During the colonial conquest, most records of African history were burned and destroyed, several pieces robbed and shipped to overseas territories, where the colonisers could showcase, with pride, the souvenirs from their violent wins. This, in line with the other often propagated claim that history is always told by the hunter, meaning for majority of the hunted, their realities and dreams will often be overlooked and confined to the periphery in the memories of our heritage.

Archiving, the process of preserving and conserving living and found tools that can mirror the pasts back to us, revealing clues on who we are and who we were, is a natural human behaviour. Historically, it has taken many forms, through written formats such as articles and stories, to folktales as expressed through song and poetry. Archiving has also in the recent centuries been practised through more visual formats such as through documentaries, photography and films.

Preserving and archiving has historically been greatly a role more emphasised for historians, archaeologists and anthropologists. But in this age, it is apparent that archiving cannot be left alone to the scientists and artists; archiving should be everyone’s responsibility.

Existing academically-recognised literatures, especially those in the form of ethnographies, have often been a task for the privileged, able to travel distances away, embed and accommodate themselves in other cultures, be able to publish their works, and without protest, have their short-hand observations be considered with great merit as true knowledge, even erasing or not recognising the role of informants in giving information.

Racist and sexist views in the archiving process have meant that our histories have greatly marginalised the voices of many of the world’s communities, identities and realities. In our own country, this can be reflected in the way that many of the African places and features are recalled in the names of the European colonisers, as opposed to the names and language of the local community members.

Marginalisation is also highlighted in the lack of attention to the role of African women in resisting colonial invasions. Though some truths have already been lost, there is still the opportunity for us to take our history to our own hands.  History has not always been in written form, it has also been in audio forms, such as through songs and storytelling.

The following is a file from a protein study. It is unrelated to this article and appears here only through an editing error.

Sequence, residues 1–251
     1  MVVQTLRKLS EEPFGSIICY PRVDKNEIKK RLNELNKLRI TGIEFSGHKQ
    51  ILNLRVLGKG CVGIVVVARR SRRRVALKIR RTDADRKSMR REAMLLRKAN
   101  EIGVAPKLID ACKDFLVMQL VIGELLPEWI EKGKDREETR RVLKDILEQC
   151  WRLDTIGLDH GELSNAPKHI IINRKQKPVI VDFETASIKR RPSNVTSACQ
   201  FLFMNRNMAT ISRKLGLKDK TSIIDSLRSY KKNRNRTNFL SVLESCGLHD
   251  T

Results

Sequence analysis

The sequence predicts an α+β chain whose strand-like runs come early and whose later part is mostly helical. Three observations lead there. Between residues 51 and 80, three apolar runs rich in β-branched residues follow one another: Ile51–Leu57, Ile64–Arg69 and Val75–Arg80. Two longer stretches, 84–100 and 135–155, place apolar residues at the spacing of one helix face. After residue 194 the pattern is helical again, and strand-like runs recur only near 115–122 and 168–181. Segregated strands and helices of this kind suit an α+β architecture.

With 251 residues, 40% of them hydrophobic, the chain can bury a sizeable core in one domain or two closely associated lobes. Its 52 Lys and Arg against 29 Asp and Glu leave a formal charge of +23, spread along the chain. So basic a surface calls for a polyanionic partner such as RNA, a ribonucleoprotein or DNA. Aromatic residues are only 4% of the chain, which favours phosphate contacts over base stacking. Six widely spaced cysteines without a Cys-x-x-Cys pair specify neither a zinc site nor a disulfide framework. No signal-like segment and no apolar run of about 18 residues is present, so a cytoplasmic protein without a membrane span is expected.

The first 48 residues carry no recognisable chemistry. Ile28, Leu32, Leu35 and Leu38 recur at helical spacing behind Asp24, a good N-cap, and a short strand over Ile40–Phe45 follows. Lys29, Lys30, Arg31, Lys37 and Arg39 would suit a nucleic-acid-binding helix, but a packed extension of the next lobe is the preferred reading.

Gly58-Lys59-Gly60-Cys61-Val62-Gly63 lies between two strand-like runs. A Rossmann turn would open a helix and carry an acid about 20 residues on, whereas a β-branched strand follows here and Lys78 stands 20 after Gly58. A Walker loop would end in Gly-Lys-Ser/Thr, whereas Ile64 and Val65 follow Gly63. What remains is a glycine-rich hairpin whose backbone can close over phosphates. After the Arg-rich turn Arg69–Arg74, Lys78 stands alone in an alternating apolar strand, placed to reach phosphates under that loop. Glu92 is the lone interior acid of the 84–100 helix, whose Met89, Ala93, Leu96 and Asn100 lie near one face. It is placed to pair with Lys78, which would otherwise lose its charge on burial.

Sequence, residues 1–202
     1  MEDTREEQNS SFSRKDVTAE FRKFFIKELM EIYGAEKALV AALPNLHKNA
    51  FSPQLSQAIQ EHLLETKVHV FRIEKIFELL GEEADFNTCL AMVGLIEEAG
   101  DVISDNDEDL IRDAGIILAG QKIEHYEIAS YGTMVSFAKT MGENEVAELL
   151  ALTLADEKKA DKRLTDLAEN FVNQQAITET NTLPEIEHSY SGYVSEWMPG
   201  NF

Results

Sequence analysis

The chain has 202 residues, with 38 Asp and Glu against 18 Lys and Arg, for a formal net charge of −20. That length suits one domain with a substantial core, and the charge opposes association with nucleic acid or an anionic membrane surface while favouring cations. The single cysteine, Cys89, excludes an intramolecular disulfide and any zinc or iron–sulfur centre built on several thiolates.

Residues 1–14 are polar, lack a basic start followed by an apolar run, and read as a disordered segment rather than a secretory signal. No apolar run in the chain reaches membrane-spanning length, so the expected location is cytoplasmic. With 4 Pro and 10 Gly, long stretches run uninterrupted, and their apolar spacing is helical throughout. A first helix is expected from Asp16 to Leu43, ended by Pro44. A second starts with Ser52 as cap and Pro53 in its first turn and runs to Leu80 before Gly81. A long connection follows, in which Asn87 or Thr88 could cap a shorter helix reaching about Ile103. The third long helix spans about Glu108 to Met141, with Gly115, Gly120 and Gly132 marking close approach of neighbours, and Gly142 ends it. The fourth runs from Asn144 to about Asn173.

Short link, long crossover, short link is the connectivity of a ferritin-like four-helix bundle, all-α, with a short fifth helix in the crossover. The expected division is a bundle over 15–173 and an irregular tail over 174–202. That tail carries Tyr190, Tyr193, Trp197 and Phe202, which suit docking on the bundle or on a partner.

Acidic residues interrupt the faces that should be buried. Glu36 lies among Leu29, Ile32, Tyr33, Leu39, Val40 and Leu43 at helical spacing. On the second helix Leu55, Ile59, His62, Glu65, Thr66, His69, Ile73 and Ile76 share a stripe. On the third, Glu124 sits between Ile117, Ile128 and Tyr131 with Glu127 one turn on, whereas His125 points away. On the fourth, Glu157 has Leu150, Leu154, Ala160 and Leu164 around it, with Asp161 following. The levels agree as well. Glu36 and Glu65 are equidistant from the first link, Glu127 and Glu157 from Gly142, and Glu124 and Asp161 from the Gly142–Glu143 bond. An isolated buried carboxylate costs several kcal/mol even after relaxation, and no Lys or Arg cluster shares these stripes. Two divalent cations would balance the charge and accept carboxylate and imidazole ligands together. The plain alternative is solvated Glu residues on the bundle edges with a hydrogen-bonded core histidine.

Older generations would pass on their history as told by those before them. In the case, for example, of those who fought for freedom during the colonial times, much of their experiences are not recorded in the books, especially since most of the ones available are written or interpreted by foreign academics. In attempting to fill the gaps in the recollection of our country and communities in the colonial period, there is still hope for us in gathering this information from the living veterans who still hold these stories in their memory.

The task of simply sitting with the elderly, recording them and engaging them in conversation, listening to them like they listened to those before them, would be an opportunity that enables us to save the libraries of memories erased from the books that we read. More so, by capturing the lives of our elderly, we can also record their languages, those that are often overwritten by the tongues of foreign languages and dialects. To know the ways of the old, it is our responsibility to sit with the old, and to embrace them and their stories.

Through the use of modern technology, we can rediscover our history, record our present, and save it for the future. In several ways, we are already doing this without recognising it. With over half a billion mobile users in the continent, most of them with access to social media, are constantly uploading snippets for archive purposes.

Through posts that reveal people’s own thoughts and opinions, or through vlogs and live-video that record and capture current moments and actions, the modern mobile user is recording material that can be used in the future to reveal parts of our future histories.

For this reason, the use of modern technologies as a means of preserving and representing ourselves is an avenue that assists in democratising the process of archiving personal journeys. Granted, access to internet and power can undermine the ability for all communities to be truly present digitally, hindering the opportunities to stand out globally.

Everyone deserves the liberation to tell their own story as they want to tell it. In a world that pays attention to some and not to others, we, as Africans, have to write our own stories, write our own songs, speak our own languages, live our own values, and let whatever we choose, be accessible to our futures. We have grown in the world as a lost people, separated and isolated from the history that made us. To stop this from happening to others, we have to ensure that we preserve our present, so that the future can know it also.

 

 

 

By FREDDY MACHA